Monday, June 29, 2009

Inside a Live Reptile Tent

On fall 2006, I took a minor subject in University of Art and Design Helsinki, Medialab department. I took a variety of courses, from drama theory to game analysis and design, learning a lot of new things and getting some much needed perspective. But the big production course, Inside a Live Reptile tent, from January to March 2007, was by far the most intense.

The Course

The course was directed by Teijo Pellinen, Chris Hales, Pipsa Asiala, and Jouko-Thomas Kleine. I could say a lot about the course arrangements (and I did) but that's not the topic of this blog. Let's just say it was a learning experience for us all, in lots of different ways.

The objective was to create a stage show that uses interactive audiovisual elements. The actual contents of the show were in a flux for most of the course's duration, but we ended up playing with the themes of death and motifs of fire and water. It was a two-month intensive course, during which we had little time for other studies and activities.

We began by doing some excersizes and brainstorming, then split into groups based on individual interests. I ended up in the groups dedicated to story and the dramatic arc of the show, but ended up doing lots of different things in the end. In the following sections, I'll describe a few of the more important sub-projects I was involved in:

The Fireman's Miniroom

In the story, there was a fireman who suffocated in a burning building. In the show, there was a small, dark room the audience would enter with flashlights. They'd point them at various items from toy firetrucks and burnt-down chairs to the body of the fireman (me!). This triggered images, depicting the events leading to his death, to be projected on the wall (images created by the very talented Diana de Sousa).

So, I got to play with light sensors, two Arduino boards, lots of wire and duct tape, and Macromedia Director. I had only used wire and duct tape before, but after five hectic days on site, it all worked together smoothly. Of course, when the D-Day came, way too many people entered the room and once, practically flooding it with light and rendering the whole interaction moot. Oh well.

The Black River Arcade Game

In line with the ever-mutating story, I programmed a small Java game, in retro style, depicting the fireman and a swimmer on the Black River. I used the same arcade game base code as in Lemmings Remake and A Dog's Job.

It's a two-player collaborative arcade game: The swimmer tries to swim upstream to a raft, avoiding dangers brought down by the currents (logs, zombie crocodiles and black swans). The fireman, standing on the raft, tries to destroy these dangers with his axe. Extra complexity is added by the varying speeds of the currents, forcing the swimmer to swim sideways to slower currents or be swept away.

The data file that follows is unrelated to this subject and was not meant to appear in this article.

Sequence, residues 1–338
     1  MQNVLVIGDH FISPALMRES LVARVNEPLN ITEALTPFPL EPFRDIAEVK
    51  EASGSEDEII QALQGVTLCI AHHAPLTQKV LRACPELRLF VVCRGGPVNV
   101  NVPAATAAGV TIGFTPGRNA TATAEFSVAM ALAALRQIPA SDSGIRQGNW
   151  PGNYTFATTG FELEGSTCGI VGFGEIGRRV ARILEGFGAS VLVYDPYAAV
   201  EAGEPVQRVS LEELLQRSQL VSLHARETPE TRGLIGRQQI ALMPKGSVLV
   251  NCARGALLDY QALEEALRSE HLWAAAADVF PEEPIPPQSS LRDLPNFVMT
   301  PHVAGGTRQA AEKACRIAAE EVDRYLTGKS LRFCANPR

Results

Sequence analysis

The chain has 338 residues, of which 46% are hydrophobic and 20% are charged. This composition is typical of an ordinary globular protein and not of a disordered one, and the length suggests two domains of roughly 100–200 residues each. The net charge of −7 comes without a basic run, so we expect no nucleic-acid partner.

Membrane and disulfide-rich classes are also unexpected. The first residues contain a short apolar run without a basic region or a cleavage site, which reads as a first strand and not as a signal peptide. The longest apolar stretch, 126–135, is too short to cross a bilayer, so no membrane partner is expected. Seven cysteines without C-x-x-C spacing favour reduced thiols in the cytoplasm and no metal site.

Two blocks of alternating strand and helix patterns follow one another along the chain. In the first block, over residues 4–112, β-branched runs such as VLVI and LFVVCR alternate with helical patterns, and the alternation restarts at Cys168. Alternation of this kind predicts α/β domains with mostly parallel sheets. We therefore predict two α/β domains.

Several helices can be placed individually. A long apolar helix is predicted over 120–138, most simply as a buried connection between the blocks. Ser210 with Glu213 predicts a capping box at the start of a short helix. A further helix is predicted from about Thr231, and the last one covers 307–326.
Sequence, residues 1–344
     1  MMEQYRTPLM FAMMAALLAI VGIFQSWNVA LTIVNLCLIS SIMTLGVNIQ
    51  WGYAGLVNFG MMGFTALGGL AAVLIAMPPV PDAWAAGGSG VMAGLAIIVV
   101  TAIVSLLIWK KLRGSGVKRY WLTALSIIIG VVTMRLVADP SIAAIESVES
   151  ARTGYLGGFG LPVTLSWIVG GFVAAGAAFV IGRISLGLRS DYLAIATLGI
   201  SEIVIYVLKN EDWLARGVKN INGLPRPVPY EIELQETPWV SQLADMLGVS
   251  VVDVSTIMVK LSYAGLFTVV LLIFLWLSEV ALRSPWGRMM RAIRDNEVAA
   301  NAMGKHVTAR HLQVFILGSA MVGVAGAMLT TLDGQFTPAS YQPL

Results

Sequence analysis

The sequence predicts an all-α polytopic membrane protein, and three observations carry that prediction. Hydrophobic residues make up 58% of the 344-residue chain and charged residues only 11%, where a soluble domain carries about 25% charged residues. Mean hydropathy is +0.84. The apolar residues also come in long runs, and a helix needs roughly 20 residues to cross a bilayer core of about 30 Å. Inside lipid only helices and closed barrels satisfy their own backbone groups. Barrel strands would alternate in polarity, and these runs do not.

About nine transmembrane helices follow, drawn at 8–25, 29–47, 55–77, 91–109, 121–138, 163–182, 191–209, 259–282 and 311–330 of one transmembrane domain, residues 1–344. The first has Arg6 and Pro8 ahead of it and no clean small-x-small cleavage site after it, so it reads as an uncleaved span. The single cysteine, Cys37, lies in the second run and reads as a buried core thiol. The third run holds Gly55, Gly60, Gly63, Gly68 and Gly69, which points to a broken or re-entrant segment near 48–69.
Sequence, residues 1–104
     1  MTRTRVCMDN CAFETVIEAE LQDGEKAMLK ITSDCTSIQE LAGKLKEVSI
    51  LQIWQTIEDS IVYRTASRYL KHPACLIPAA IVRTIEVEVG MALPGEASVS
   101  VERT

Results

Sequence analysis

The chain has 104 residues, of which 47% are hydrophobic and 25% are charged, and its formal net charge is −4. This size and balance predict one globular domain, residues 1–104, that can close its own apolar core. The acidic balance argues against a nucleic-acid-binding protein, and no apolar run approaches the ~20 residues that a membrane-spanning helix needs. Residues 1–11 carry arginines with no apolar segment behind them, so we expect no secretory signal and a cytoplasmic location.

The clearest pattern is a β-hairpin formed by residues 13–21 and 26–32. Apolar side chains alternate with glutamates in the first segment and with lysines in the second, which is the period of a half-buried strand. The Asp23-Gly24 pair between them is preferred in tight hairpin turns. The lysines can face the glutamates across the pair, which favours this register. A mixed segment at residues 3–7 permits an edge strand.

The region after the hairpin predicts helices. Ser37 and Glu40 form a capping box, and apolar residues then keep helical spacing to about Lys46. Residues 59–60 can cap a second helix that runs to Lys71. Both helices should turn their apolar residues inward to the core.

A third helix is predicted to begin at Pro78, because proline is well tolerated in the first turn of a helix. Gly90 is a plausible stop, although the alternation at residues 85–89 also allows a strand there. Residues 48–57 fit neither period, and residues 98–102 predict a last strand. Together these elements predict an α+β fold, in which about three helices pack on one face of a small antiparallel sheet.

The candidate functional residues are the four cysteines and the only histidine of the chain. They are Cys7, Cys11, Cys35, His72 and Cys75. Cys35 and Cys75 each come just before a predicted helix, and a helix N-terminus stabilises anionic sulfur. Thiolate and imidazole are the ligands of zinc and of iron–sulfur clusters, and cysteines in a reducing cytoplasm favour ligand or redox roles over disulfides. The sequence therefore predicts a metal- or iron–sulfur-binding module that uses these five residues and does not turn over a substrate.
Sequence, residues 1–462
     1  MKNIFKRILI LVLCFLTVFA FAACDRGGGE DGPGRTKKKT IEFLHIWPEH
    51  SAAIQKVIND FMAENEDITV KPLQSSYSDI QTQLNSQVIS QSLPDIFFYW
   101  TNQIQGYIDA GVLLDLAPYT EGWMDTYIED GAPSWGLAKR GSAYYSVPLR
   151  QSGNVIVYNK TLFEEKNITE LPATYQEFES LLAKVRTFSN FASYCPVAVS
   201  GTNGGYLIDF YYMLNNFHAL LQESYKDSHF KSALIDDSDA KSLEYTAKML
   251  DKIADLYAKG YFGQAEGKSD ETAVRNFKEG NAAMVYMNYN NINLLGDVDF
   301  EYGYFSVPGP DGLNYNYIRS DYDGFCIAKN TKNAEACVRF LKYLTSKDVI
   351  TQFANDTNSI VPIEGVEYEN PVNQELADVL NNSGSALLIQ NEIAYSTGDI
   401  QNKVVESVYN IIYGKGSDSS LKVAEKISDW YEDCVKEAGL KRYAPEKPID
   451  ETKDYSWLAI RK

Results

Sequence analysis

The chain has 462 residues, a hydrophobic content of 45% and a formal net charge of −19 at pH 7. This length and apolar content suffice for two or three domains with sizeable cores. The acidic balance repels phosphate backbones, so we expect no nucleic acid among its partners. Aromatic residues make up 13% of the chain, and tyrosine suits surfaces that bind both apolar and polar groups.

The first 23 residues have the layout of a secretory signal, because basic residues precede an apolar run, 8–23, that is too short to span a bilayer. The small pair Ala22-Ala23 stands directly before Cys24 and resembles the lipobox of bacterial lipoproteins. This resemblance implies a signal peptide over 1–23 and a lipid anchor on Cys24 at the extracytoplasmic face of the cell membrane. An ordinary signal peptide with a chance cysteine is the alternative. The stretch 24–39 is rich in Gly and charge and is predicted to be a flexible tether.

The graphics are by me, except for the swimmer, who was created by Katarzyna Miron. The sounds were provided by Antti Mäki.

Staging and Propping

In addition to my main projects, I ended up doing some staging and propping work, mostly for the fireman's room. For this purpose, I frequently visited the prop room, a wondrous collection of... things (I don't think there's a narrower category to encompass that all). We also went a bit pyromaniac with some old furniture to create an atmosphere of a burning building, and borrowed a real fireman's suit from the fire department. In addition, I helped with some sewing as well as hanging cheap flashlights from the ceiling.

Random Ideas

During the production process, there was a lot of brainstorming and cool ideas, but unfortunately most of them never saw the light of day (or, well, the darkness of the stage but anyway...). Here are a couple of mine:
  • Divine Discourse: An installation entered by one audience member at a time. There's an altar with a pillow in front of it. Under the pillow, there's a pressure sensor connected to a computer, connected in turn to a hidden speaker. When the audience member enters, a voice of a goddess starts to speak, demanding they kneel down before her. If they refuse, the demands become more forceful, if they comply, the story takes another direction.
  • Interactive Instruments: There's a live stage performance and some instruments the audience can play (no skill needed to make strange sounds). Some of the instruments make sounds of harmony, while the others represent discord. The actors adjust their performance based on which instruments are played more.

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